Karrie Galloway, CEO of Planned Parenthood of Utah, said, "This is harassment of women, plain and simple. There is no scientifically accepted data that fetuses have the physical structure to feel pain before the third trimester, which is at 27-29 weeks."

But Maureen Condic, an associate professor of neurobiology and anatomy at the University of Utah, testified to Congress in 2013 that fetuses delivered prematurely, as early as 23 weeks, show clear pain-related behavior. She urged Congress to ban all abortions of fetuses older than 20 weeks because of the possibility of pain.

Galloway said the new law may not affect many abortions. Data show, she said, that 17 abortions of fetuses older than 20 weeks occurred in Utah in 2014. "The majority of those were for fetal anomalies, or because the life or health of the mother was in danger. My understanding is the way this law ended up, those are not affected by this bill."

Galloway added that Planned Parenthood "will do our best, as we always do, to comply with the law. But because this was a message bill, there wasn't much direction." But violators could face a class A misdemeanor and face losing their medical license.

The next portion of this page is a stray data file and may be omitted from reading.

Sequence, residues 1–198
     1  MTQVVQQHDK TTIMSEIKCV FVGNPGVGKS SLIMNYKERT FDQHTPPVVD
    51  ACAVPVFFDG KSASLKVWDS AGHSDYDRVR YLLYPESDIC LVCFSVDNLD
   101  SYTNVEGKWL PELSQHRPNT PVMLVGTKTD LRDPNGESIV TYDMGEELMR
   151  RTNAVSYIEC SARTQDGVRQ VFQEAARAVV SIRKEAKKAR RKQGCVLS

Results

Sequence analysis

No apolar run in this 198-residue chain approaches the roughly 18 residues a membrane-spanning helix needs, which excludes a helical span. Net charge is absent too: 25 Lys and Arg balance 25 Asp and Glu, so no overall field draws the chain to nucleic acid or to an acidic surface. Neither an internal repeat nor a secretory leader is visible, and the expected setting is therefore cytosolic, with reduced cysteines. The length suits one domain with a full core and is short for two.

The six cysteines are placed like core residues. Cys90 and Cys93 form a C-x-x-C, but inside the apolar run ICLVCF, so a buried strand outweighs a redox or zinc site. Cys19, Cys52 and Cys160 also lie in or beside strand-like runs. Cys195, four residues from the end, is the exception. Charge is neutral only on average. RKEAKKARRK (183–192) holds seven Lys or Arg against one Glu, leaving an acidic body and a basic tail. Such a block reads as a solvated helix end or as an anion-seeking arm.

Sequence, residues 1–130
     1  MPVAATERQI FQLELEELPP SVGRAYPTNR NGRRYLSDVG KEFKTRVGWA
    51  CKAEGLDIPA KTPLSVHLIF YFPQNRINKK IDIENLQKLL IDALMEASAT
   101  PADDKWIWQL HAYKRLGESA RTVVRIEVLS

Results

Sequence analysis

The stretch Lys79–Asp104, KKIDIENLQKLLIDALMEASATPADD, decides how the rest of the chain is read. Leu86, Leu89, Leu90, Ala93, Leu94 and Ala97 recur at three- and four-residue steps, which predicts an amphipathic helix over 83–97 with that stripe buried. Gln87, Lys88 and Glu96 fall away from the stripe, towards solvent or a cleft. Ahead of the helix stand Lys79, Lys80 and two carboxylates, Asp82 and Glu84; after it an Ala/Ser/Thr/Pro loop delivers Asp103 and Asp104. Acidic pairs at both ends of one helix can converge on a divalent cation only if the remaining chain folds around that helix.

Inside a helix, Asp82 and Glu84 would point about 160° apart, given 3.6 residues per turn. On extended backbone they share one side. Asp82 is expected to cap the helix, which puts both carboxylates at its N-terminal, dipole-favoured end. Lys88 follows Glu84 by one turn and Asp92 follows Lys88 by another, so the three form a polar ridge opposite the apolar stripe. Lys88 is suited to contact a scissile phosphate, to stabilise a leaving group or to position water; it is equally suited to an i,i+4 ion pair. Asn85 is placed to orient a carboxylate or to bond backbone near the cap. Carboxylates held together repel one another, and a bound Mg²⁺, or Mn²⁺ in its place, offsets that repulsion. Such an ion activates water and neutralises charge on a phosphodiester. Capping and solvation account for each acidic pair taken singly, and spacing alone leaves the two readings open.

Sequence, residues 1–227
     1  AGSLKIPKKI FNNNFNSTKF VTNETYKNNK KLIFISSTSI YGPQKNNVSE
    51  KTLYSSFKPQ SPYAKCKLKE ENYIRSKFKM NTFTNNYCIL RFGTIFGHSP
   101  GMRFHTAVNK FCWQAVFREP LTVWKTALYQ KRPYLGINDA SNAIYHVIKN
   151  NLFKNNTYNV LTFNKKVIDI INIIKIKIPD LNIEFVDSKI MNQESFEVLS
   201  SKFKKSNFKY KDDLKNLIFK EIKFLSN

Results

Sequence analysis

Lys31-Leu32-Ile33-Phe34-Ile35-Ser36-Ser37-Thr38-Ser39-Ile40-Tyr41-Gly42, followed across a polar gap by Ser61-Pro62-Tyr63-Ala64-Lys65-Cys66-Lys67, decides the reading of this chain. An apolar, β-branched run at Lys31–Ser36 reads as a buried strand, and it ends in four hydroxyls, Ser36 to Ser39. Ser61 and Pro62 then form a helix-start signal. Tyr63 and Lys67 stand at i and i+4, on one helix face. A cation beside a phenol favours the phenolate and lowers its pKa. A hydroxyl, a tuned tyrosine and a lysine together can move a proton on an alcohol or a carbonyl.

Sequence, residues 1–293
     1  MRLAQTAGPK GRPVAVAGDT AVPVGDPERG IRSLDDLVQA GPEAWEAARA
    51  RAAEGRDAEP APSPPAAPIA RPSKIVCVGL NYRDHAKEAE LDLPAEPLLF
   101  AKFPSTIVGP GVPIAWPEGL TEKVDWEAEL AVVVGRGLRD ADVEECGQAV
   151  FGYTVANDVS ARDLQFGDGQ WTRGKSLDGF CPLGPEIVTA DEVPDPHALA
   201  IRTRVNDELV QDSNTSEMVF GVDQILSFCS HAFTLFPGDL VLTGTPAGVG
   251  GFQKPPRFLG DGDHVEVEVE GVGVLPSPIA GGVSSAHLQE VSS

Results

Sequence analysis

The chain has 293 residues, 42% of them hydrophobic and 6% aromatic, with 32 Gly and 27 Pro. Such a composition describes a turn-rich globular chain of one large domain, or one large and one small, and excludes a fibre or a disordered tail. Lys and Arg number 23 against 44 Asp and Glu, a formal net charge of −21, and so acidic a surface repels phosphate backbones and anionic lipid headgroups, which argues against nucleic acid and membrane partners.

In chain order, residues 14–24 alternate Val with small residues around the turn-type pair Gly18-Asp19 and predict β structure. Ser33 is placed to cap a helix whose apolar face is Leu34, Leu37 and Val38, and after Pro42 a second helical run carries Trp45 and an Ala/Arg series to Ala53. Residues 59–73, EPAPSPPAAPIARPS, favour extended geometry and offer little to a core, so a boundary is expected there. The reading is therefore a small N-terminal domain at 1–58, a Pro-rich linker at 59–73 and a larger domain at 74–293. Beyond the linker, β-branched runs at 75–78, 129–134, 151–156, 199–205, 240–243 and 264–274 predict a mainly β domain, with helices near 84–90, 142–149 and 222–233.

Karen McCreary, executive director of the American Civil Liberties Union of Utah, said she is not aware of anyone planning to challenge the bill in court. "We would consider a challenge," she said, but "we don't have any plaintiffs, and we haven't heard of anyone interested in bringing that who would have standing."

However, she said the new law "continues to put confusion and real barriers into women's ability to seek medical treatment, and for doctors to provide it, and real inappropriate disruption into that very important relationship."

She said she's heard of groups generally interested in challenging the law, but "it's unchartered territory since we're the first state to have a piece of legislation like this."

Medicaid • Another health-related bill, HB437, takes effect to expand Medicaid to 16,000 of the poorest Utahns — although it requires a still-in-progress waiver of federal rules. It targets the chronically homeless, the mentally ill and people recently released from prison, and it will guarantee coverage for at least 12 months as they work to obtain jobs and get on their feet.

It will help an estimated 12,500 childless adults who have not been eligible for Medicaid, plus an additional 3,800 adults with children. Adults with children had been covered only if they had incomes up to about 40 percent of the poverty level, but the new law will increase that to about 55 percent.